Le Loi is a real person, a revolutionary and king in the 15th century, who began a dynasty that would last 360 years.
In 1406, the Chinese Ming emperor ordered an invasion of Annam, the country later named Viet Nam. The invasion succeeded, and the Chinese began their rule over the Annamese people.
When the Chinese invaded in 1418, Le Loi was twenty years old. After witnessing a number of rebellious uprisings crushed by the occupying Chinese forces, the young Le Loi gathered his own meager force of 500 people to fight against the great Chinese Ming army.
The revolution lasted ten years. Le Loi went from one defeat to another, but every time his forces were pushed back, he'd return with an even larger group of patriots to fight.
One man who fought side by side with Le Loi from the beginning was Le Lai. In one famous battle, the Chinese had Le Loi's army surrounded on a mountaintop. In an effort to break the siege, Le Lai dressed himself in Le Loi's armor, leading a small band of fighters to face the Ming army head on. Le Lai was captured, but the maneuver was just the distraction to allow Le Loi to escape.
In recognition of Le Lai's act of ultimate loyalty and friendship, Le Loi ordered that all his descendants worship Le Lai as an ancestor, and that they would always conduct memorial services for Le Lai one day before services for Le Loi.
Eventually Le Loi's revolt succeeded, liberating Annam from foreign rule. For hundreds of years Vietnam was free, until the French colonization in the 19th century.
Great deeds beget great legends. Popular beliefs hold that Le Loi was endowed with a magical sword, given to him by a Golden Turtle God.
Unlike Chinese folklore that hold turtles in low esteem, the Golden Turtle God makes several appearances in Vietnamese traditions.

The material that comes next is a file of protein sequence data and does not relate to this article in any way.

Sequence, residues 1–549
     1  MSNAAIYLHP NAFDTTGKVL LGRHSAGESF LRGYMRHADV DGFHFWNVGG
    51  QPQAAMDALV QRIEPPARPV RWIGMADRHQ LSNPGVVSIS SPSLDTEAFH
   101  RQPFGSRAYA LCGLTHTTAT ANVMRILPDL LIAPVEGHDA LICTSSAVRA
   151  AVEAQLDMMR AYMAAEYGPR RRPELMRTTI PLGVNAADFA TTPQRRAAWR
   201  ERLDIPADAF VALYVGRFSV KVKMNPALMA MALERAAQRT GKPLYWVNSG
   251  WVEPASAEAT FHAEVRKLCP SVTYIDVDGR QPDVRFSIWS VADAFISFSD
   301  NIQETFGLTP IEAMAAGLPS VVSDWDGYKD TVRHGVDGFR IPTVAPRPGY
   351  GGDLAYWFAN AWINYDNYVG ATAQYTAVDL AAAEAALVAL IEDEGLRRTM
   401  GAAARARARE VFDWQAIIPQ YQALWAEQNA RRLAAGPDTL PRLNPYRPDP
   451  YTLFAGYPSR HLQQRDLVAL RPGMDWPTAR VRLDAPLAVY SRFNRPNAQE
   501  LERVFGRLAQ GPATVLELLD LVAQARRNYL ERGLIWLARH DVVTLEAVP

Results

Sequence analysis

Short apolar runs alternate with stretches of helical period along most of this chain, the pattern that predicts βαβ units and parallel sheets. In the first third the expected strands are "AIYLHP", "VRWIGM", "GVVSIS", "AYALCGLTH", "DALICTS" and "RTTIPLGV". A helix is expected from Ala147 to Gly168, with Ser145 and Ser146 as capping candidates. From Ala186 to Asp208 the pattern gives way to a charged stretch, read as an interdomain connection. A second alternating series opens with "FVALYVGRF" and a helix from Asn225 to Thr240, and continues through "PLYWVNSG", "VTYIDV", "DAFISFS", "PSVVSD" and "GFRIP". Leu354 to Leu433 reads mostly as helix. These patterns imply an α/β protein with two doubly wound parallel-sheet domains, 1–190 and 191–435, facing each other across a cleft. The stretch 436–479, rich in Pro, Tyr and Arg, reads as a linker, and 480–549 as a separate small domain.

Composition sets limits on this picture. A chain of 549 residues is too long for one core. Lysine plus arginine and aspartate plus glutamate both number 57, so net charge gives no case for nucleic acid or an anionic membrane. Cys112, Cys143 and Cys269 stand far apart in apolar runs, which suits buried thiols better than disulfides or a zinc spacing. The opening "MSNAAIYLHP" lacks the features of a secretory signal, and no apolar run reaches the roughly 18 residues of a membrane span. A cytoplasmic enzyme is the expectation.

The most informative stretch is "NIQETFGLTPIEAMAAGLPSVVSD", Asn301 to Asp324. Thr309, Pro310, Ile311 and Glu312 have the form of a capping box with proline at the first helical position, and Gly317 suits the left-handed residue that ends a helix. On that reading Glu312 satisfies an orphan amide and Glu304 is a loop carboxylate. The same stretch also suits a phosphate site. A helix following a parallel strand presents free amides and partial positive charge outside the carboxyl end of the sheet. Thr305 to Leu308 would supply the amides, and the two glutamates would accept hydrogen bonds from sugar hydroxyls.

The legend has many versions. According to one, a fisherman caught a sword blade and sold it to Le Loi. The sword was inscribed with the words "Thuan Thien," meaning "according to heaven's will." Le Loi later found a handle that fit the blade perfectly. The discovery inspired Le Loi to gather up men to fight the Chinese. When the country was liberated, Le Loi crowned himself king and settled in what is now the capitol of Vietnam, Ha Noi.
One day, as King Le Loi was taking a leisure boat trip on a lake in the capital, the Golden Turtle God appeared from the lake. Le Loi drew his sword, but it magically slipped out of his grip, flew to the Golden Turtle God who caught it, nodded to the king, and dove away.
After that, King Le Loi ordered the lake renamed Hoan Kiem, or "Returned Sword." The lake is still in the center of Ha Noi, and ancient turtles estimated to be hundreds of years old still live in it.
In Journey From The Fall, the legend of Le Loi is re-told by Ba Noi to her grandson, Lai. And like all grandmothers, Ba Noi takes artistic liberties with the orthodox version.
Legends live through the imaginations of ordinary people, told in various tongues in an effort to hold onto the morals and lessons from a fading history. Such is vox populi.